While standard quantum hardware entangles particles in two states, the team has found a way to generate and entangle pairs of particles that each has 15 states.
The integrated photonic chip sets a new standard for complexity and precision of quantum photonics, with immediate applications for quantum technologies.
Integrated quantum photonics allows the routing and control of single particles of light with intrinsically high stability and precision, however to date it has been limited to small-scale demonstrations in which only a small number of components are integrated on a chip.
Scaling up these quantum circuits is of paramount importance to increasing the complexity and computational power of modern quantum information processing technologies, opening-up the possibility of many revolutionary applications.
The team, led by scientists from the University of Bristol’s Quantum Engineering Technology Laboratories (QET Labs) has demonstrated the first ever large-scale integrated quantum photonic circuit, which integrating hundreds of essential components, can generate, control and analyse high-dimensional entanglement with an unprecedented level of precision.
The quantum chip was realised using a scalable silicon photonics technology, similar to today’s electronic circuits, which would provide a path to manufacture massive components for the realization of a optical quantum computer.
The work, in collaboration with Peking University, Technical University of Denmark (DTU), Institut de Ciencies Fotoniques (ICFO), Max Planck Institute, Center for Theoretical Physics of the Polish Academy of Sciences, and University of Copenhagen, has been published today in the journal Science.
The coherent and precise control of large quantum devices and complex multidimensional entanglement systems has been a challenging task owing to the complex interactions of correlated particles in large quantum systems. Significant progress towards the realization of large-scale quantum devices has been recently reported in a variety of platforms including photons, superconductors, ions, dots and defects.
In particular, photonics represents a promising approach to naturally encode and process multidimensional qudit states in the photon’s different degrees of freedom.
In this work, a programmable path-encoded multidimensional entangled system with dimension up to 15×15 is demonstrated, where two photon exists over 15 optical paths at the same time and are entangled with each other.
This multidimensional entanglement is realised by exploiting silicon-photonics quantum circuits, integrating in a single chip, 550 optical components, including 16 identical photon-pair sources, 93 optical phase-shifters, 122 beam-splitters.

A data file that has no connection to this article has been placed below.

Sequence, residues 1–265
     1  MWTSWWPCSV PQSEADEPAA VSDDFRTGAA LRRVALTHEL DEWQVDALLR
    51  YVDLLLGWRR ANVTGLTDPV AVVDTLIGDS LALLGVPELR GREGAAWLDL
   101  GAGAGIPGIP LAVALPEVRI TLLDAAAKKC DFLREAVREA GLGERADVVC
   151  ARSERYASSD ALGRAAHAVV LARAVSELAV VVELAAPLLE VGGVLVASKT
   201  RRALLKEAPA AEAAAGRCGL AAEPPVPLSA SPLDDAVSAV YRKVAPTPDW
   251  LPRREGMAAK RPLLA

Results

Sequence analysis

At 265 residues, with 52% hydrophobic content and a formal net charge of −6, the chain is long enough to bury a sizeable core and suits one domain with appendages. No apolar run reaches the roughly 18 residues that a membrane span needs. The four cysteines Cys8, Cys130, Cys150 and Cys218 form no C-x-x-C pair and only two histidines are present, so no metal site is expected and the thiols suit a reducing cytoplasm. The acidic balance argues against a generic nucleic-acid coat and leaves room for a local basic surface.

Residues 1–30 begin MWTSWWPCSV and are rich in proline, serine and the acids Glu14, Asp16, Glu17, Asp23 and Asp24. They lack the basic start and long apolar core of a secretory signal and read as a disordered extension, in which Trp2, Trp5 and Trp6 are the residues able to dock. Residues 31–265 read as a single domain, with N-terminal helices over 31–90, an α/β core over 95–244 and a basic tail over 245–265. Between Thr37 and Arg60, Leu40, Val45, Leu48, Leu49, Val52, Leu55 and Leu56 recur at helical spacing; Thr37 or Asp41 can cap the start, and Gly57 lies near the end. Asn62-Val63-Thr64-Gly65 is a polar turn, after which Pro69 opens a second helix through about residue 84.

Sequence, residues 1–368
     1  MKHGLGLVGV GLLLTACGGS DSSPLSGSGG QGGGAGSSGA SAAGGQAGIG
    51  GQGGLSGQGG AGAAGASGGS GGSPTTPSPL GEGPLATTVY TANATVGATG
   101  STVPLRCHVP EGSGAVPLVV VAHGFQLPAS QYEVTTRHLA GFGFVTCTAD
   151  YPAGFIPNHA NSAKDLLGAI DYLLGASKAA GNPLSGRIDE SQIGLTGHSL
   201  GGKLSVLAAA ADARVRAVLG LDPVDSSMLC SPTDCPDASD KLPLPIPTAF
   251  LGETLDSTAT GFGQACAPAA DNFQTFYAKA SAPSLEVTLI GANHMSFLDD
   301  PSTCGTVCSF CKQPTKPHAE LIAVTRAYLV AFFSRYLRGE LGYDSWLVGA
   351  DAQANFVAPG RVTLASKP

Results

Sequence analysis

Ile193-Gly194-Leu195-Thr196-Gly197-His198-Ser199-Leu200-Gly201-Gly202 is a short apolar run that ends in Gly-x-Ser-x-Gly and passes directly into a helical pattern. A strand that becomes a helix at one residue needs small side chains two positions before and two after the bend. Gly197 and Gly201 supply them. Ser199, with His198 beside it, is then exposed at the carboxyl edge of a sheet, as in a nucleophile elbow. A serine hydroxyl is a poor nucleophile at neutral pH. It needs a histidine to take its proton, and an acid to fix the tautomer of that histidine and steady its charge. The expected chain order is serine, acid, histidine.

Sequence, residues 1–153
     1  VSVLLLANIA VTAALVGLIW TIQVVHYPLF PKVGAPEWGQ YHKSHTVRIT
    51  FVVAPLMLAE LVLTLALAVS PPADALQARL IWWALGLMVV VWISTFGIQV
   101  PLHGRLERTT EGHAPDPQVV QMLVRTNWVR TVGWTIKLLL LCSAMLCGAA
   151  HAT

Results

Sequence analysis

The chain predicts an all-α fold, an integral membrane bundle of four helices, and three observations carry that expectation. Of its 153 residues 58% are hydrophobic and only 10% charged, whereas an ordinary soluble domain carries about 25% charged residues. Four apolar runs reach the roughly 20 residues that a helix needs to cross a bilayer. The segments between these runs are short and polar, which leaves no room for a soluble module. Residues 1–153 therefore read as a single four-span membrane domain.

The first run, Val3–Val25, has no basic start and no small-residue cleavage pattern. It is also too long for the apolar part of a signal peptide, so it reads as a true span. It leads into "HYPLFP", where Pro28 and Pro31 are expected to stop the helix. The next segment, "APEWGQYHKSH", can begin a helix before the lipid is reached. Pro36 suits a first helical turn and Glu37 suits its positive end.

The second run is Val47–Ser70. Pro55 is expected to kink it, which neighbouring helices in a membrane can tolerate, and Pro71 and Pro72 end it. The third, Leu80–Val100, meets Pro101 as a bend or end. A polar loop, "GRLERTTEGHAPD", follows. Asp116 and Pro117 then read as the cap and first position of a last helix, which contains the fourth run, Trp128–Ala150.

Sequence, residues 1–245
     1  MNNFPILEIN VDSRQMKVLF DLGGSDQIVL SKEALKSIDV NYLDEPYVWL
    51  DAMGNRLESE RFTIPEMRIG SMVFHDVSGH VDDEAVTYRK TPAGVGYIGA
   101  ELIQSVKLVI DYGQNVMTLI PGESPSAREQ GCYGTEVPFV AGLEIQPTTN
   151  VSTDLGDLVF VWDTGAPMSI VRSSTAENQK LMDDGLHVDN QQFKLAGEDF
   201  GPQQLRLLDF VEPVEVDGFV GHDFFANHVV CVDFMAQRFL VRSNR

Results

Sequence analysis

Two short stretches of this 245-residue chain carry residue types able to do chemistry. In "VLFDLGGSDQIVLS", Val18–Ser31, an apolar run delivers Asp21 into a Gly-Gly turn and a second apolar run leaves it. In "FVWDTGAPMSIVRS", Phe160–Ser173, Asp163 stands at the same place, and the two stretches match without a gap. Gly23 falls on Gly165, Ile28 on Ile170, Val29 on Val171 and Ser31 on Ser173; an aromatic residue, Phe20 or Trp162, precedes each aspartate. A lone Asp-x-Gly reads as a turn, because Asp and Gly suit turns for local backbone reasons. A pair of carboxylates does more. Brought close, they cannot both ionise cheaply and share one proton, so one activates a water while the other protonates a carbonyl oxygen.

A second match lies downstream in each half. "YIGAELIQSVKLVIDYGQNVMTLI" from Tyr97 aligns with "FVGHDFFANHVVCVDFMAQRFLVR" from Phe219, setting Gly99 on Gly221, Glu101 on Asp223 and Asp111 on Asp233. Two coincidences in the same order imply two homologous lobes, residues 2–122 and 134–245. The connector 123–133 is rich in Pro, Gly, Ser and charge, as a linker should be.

Lead author, Dr Jianwei Wang, said: “It is the maturity of today’s silicon-photonics that allows us to scale up the technology and reach a large-scale integration of quantum circuits.
“This is the most beautiful thing of quantum photonics on silicon. Our quantum chip allows us to reach unprecedented levels of precision and control of multidimensional entanglement, a key factor in many quantum information tasks of computing and communication.”
Senior researcher, corresponding author Yunhong Ding from DTU, Centre for Silicon Photonics for Optical Communication (SPOC), added: “New technologies always enable new applications.
“The capabilities of our silicon photonics integrated technologies at DTU allow large scale, highly stable quantum information processing chips, which enable us to observe high-quality multidimensional quantum correlations including generalized Bell and EPR steering violations, and also to implement experimentally unexplored multidimensional quantum protocols: multidimensional randomness expansion and state self-testing.”
Dr Anthony Laing, a lead academic in Bristol’s QETLabs and corresponding author, said: “Entanglement is a fascinating feature of quantum mechanics and one that we do not yet fully understand. This device and future generations of chips of increasing complexity and sophistication will allow us to explore this realm of quantum science and make new discoveries.”
Professor Mark Thompson, leader of the Bristol team, added: “We have used the same manufacturing tools and techniques that are exploited in today’s microelectronics industry to realise our silicon quantum photonic microchip. However, unlike conventional electronic circuits that utilise the classical behaviour of electrons, our circuits exploit the quantum properties of single particle of light. This silicon photonics approach to quantum technologies provides a clear path to scaling up to the many millions of components that are ultimately needed for large-scale quantum computing applications.”
Source: University of Bristol